Sitting in the Leighton Concert Hall on March 25, I felt like I was on another plane of existence. Chimamanda Ngozi Adichie was on stage in a gorgeous red dress, and I couldn’t stop smiling. I had never met the masters student with the glorious Afro sitting to my left or the young Nigerian priest to my right, but we were bonded in our collective admiration as we hooted euphorically when Adichie took the stage.
I vividly remember how I first discovered Chimamanda Ngozi Adichie’s books. I was in eleventh grade and I would weave through the traffic of Mumbai, India, passing black and yellow cabs and bright red public buses to walk to Kitab Khana, a bookstore near my school. I would browse the bookshelves indiscriminately but I wouldn’t read anything, until I saw Adichie’s “Half of a Yellow Sun.” I think the imagery of the title is probably what drew me in. I began reading and was arrested by Adichie’s lucid style, astute observations, intriguing descriptions and subtle humor. I went back to Kitab Khana each week, sitting on a metal stool between the stacks, to continue reading.
“Americanah” was the book that made me officially fall in love with Adichie’s work. “Americanah” is a sprawling love story that follows protagonist Ifemelu as she grows up in Nigeria and then comes to the United States for college. When Ifemelu “hungered to understand everything about America, to wear a new, knowing skin right away: to support a team at the Super Bowl, understand what a Twinkie was and what sports ‘lockouts’ meant,” I really resonated with her. Now, when students walk out of class in the middle of a lecture or receptionists tell me that I ‘might wanna do that’ rather than giving me direct instructions, I chuckle to myself and understand the quirks of American culture that Ifemelu observed in the book.
In the U.S., Ifemelu experiences for the first time, what Adichie describes as the “tribalism of America”: race. Being Black, the wider world ascribed the identity of “African-American” to Ifemelu when in reality her cultural identity was Nigerian. This experience of being “racialized” in American society is fascinating. In India, each region has a distinct language and culture, so ethnicity and religion are how people are divided, rather than race. Colorism is definitely an issue, but the heart of the differentiation is still ethnicity. Reading “Americanah” woke me up to the idea that in the U.S., “race is phenotype rather than genotype” in the sense that people subconsciously assign identity based on how you present outwardly, irrespective of your ancestry or upbringing.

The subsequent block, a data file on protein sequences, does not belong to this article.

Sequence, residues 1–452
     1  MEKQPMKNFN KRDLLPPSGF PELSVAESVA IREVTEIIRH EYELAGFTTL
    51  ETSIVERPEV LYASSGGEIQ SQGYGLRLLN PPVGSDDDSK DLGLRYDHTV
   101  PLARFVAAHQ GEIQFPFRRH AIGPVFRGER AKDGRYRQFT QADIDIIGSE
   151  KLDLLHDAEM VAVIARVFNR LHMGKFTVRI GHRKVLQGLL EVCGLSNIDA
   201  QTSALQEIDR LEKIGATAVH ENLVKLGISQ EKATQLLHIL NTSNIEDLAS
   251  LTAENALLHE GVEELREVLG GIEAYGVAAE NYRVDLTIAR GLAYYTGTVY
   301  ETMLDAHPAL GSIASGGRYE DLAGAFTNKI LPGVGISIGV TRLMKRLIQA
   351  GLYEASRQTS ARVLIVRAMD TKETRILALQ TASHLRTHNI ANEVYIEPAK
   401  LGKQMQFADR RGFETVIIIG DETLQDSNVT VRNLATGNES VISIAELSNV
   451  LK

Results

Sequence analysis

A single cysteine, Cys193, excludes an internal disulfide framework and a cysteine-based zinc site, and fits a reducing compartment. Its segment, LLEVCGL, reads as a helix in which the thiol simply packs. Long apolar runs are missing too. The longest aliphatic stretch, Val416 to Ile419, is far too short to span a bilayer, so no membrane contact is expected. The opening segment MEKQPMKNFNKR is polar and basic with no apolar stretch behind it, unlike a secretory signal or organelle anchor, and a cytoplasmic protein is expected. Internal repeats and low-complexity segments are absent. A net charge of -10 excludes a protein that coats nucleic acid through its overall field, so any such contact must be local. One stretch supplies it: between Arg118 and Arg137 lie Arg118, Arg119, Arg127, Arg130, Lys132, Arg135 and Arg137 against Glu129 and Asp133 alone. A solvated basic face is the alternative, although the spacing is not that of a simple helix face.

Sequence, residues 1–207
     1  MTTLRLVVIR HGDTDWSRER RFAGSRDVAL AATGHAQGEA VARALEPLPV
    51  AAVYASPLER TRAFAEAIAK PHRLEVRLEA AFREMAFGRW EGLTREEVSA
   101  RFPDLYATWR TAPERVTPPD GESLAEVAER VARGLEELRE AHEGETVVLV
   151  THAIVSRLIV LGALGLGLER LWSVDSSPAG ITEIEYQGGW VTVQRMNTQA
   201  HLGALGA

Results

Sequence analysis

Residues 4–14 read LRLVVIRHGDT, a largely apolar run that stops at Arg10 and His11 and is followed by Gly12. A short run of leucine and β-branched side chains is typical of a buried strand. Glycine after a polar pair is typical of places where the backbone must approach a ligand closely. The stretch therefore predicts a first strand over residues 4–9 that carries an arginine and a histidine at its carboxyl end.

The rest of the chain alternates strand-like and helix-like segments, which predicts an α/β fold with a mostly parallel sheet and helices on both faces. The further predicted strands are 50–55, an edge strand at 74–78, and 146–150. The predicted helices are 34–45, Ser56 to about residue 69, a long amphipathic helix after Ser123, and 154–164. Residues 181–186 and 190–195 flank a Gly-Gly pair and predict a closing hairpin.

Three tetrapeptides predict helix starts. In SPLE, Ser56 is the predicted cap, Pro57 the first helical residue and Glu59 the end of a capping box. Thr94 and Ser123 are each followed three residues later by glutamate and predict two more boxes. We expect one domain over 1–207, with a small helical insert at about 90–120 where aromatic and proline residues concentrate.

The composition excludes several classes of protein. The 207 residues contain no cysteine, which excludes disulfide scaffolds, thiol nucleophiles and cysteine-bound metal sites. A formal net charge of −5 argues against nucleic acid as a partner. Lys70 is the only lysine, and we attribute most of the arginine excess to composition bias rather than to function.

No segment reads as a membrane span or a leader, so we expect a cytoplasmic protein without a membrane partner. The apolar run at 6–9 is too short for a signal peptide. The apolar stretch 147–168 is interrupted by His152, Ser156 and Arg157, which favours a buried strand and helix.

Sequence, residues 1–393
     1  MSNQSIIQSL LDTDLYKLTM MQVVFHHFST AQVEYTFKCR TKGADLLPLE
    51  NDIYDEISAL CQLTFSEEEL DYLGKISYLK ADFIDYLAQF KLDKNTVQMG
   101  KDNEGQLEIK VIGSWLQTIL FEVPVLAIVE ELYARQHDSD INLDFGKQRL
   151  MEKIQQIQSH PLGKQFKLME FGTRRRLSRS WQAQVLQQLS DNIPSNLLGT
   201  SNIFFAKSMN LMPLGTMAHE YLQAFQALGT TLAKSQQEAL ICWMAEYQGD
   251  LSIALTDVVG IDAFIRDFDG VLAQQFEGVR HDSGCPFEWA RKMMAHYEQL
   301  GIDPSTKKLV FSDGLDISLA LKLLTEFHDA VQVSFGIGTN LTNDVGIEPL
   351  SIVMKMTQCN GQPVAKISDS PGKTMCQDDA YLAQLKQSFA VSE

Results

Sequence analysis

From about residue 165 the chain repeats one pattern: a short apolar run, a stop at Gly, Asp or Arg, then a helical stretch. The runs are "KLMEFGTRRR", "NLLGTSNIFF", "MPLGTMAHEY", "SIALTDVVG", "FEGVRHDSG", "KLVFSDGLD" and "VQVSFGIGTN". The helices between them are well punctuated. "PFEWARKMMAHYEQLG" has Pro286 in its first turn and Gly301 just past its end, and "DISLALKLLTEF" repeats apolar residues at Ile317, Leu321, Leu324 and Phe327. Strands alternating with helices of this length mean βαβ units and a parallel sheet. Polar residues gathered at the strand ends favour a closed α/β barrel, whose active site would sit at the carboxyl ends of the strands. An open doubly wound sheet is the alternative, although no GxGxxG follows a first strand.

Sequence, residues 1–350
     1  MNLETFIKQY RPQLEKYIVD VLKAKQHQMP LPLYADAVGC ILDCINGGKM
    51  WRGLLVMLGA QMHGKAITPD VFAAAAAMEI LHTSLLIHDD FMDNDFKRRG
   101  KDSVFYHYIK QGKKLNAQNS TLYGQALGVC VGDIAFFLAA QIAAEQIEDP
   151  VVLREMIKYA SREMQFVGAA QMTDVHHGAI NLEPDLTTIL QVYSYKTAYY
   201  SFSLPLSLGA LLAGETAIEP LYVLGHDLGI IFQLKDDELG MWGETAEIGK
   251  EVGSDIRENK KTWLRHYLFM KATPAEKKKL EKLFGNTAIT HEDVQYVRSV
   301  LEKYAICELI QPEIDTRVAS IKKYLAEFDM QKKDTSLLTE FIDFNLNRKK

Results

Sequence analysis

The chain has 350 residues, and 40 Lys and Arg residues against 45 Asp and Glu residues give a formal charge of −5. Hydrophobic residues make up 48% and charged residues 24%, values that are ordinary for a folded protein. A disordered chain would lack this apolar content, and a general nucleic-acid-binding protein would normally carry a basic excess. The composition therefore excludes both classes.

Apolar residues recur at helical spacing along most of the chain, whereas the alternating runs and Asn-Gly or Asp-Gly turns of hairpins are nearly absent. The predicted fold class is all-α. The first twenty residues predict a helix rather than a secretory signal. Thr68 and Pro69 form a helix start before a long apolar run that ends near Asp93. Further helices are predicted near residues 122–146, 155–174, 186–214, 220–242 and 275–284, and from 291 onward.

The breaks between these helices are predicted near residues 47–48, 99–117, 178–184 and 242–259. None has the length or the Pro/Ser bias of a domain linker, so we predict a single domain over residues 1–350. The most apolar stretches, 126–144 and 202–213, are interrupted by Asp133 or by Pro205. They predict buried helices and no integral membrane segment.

At a predominantly white institution like Notre Dame, this concept is entrenched in even the most progressive rhetoric about diversity and inclusion. The politically correct term for anyone who is not white is “Person of Color.” The term can be convenient when trying to talk about inclusion on a broader scale, like the dorms or the classroom. However, I feel like it conflates the experiences of all non-white people and perpetuates whiteness as the norm. The term makes it easier to ignore the extensive diversity even within the group “People of Color.”
Ifemelu had to deal with these reductive ideas about other countries and cultures, with people commenting sweeping generalizations to her like, “It’s so sad that people live on less than a dollar a day in Africa.“ Some of my classmates have mentioned that they did service trips in India during high school. When they find out I’m from Mumbai, the dissonance between the dominant idea they had of India as a country in need of charity, and the idea of India I was presenting them with, is palpable.
When Adichie talks about the “codes and ways of being“ in America, for things as simple as knowing when to laugh and what to laugh at, she has given me the words to identify the subtle feelings of “otherness” that international students experience. It was heartening to see the various students who came to see her speak, each with their unique connection to her ideas.